New York Attorney General Letitia James could face an "ethical predicament" if she runs for governor after her report on New York Gov. Andrew Cuomo and sexual harassment led to his resignation last week, Harvard Law professor emeritus Alan Dershowitz said Saturday on Newsmax.
"The report can be challenged not only on the grounds of her running for the office but also her absurd, bigoted, biased statement that women should be believed over men, that if there's a conflict between a woman and a man, you don't look at the evidence, you look at the gender and the gender, Dershowitz said on Newsmax's "Saturday Report."
James, he added, would be a "terrible candidate," and he hopes she'll be disqualified both "morally and ethically for having played such an important role in ousting the governor and creating the vacancy that she's trying to fill."
Dershowitz also commented on the Supreme Court's ruling to lift New York's pandemic-related eviction ban, which gave a victory to landlords who were challenging a state moratorium set to expire on Aug. 31. The court voted 6-3, with the three liberal justices dissenting from the decision.
Meanwhile, a federal judge in Washington, D.C., Friday ruled that a federal ban on evictions can continue, extending protections against evictions and rejecting a plea by two landlord groups to block the Centers for Disease Control and Prevention moratorium set to last until Oct. 3.
"First, the CDC should have nothing to say about this," said Dershowitz. "This is a purely legal economic decision. It has nothing to do with health. It's not within their jurisdiction."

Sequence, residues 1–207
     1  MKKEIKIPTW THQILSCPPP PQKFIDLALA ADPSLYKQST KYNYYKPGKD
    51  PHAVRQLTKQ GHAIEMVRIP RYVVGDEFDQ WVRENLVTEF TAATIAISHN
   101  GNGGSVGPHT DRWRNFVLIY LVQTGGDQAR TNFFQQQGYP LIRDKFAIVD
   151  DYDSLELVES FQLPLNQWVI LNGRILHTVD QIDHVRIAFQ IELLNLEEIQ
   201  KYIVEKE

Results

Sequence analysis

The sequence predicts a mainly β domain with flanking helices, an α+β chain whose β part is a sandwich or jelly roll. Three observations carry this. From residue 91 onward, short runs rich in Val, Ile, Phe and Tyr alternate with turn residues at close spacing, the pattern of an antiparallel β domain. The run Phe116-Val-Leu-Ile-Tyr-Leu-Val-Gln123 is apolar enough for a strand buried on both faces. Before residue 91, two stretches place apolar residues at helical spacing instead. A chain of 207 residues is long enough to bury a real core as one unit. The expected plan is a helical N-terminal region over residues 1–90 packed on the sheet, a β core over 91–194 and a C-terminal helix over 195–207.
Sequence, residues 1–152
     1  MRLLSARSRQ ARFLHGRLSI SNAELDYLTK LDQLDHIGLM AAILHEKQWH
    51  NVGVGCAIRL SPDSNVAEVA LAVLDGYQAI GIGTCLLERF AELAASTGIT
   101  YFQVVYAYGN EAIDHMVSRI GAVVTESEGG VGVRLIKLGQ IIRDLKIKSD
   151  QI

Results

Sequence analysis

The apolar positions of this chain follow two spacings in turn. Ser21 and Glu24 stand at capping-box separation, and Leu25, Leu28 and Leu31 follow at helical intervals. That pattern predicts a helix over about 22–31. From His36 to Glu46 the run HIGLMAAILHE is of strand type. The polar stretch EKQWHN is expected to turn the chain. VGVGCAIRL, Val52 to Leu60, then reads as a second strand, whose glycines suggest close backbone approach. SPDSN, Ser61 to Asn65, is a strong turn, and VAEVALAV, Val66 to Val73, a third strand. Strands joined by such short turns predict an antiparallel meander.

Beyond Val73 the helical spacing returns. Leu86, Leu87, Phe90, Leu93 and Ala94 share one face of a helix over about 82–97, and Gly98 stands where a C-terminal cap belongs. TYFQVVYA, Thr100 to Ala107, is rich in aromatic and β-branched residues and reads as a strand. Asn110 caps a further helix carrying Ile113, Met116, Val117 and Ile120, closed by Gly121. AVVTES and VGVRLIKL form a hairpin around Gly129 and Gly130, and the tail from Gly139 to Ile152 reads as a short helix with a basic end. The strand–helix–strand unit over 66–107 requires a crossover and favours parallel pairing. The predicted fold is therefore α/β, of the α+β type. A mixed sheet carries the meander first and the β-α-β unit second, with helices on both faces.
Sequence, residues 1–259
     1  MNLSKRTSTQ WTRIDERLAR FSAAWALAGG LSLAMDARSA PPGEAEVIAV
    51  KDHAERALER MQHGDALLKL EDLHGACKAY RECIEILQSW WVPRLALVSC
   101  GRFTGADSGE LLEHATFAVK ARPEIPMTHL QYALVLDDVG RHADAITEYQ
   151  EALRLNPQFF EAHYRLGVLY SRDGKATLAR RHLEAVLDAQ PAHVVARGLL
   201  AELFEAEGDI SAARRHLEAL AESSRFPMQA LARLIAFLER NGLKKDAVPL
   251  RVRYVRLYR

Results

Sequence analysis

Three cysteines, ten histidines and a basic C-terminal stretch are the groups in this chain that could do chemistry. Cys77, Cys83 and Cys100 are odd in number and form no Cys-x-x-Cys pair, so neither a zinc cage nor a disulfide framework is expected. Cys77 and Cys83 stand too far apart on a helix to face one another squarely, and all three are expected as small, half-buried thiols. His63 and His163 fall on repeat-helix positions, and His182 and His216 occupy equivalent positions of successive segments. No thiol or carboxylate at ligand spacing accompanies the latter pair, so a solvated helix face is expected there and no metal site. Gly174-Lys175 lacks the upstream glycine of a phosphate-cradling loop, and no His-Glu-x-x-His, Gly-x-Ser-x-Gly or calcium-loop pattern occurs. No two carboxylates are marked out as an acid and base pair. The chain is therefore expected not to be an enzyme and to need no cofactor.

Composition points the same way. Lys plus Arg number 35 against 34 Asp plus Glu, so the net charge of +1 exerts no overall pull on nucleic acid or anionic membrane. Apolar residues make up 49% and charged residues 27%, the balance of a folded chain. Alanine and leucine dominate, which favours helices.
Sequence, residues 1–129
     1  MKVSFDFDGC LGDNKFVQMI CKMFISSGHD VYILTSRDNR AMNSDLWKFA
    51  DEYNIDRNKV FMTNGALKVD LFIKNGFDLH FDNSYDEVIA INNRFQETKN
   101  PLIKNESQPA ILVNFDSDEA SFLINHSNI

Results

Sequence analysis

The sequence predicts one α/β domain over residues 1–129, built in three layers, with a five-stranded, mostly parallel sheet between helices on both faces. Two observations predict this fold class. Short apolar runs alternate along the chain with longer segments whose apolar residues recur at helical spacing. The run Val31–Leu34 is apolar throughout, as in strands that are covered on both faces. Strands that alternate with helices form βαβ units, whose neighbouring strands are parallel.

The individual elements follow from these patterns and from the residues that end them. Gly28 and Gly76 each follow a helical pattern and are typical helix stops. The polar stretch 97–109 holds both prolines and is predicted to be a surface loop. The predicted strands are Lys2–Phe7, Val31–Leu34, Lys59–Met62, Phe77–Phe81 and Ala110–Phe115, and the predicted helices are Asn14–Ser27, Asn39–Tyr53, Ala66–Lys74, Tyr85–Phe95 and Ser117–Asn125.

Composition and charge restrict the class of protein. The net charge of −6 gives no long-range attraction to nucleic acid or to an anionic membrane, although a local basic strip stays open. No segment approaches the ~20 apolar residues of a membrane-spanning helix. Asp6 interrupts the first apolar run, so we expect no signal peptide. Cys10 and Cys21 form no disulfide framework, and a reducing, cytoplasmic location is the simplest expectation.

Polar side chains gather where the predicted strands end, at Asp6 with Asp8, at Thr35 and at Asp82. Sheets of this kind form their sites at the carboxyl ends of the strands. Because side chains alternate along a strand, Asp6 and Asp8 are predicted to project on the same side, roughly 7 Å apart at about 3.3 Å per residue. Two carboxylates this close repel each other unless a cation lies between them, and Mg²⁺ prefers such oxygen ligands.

He said there are two issues on the matter, including whether the president has the authority to change the law without legislative input, and about whether keeping landlords from collecting rent is constitutional.
"There's no such thing as a free lunch," said Dershowitz. "I think the Supreme Court will be looking hard to see whether or not the health issues which are real or if they are being used as a justification for making economic decisions which don't flow directly from the health concerns."
He added that property rights are "central to our constitution" under several amendments, as its framers were "deeply concerned about property."
"The original draft of the bill of the Declaration of Independence, talks about life, liberty and property and property was central to the concerns of the of the framers whether socialists agree with that or not is a different matter," Dershowitz said. "The Constitution stands on its own legs and if you permanently deprive people of charging rent for their houses that really does constitute the taking of property."
He also said he thinks there is a constitutional basis for mandating masks if a legislature decides that the issue of public health outweighs the inconvenience of wearing a mask.
"A mask is different than a vaccine," he said. "A vaccine could be dangerous. People can have strong objections on medical grounds to a vaccine. Masks, I've heard medical arguments but basically, it's an inconvenience."
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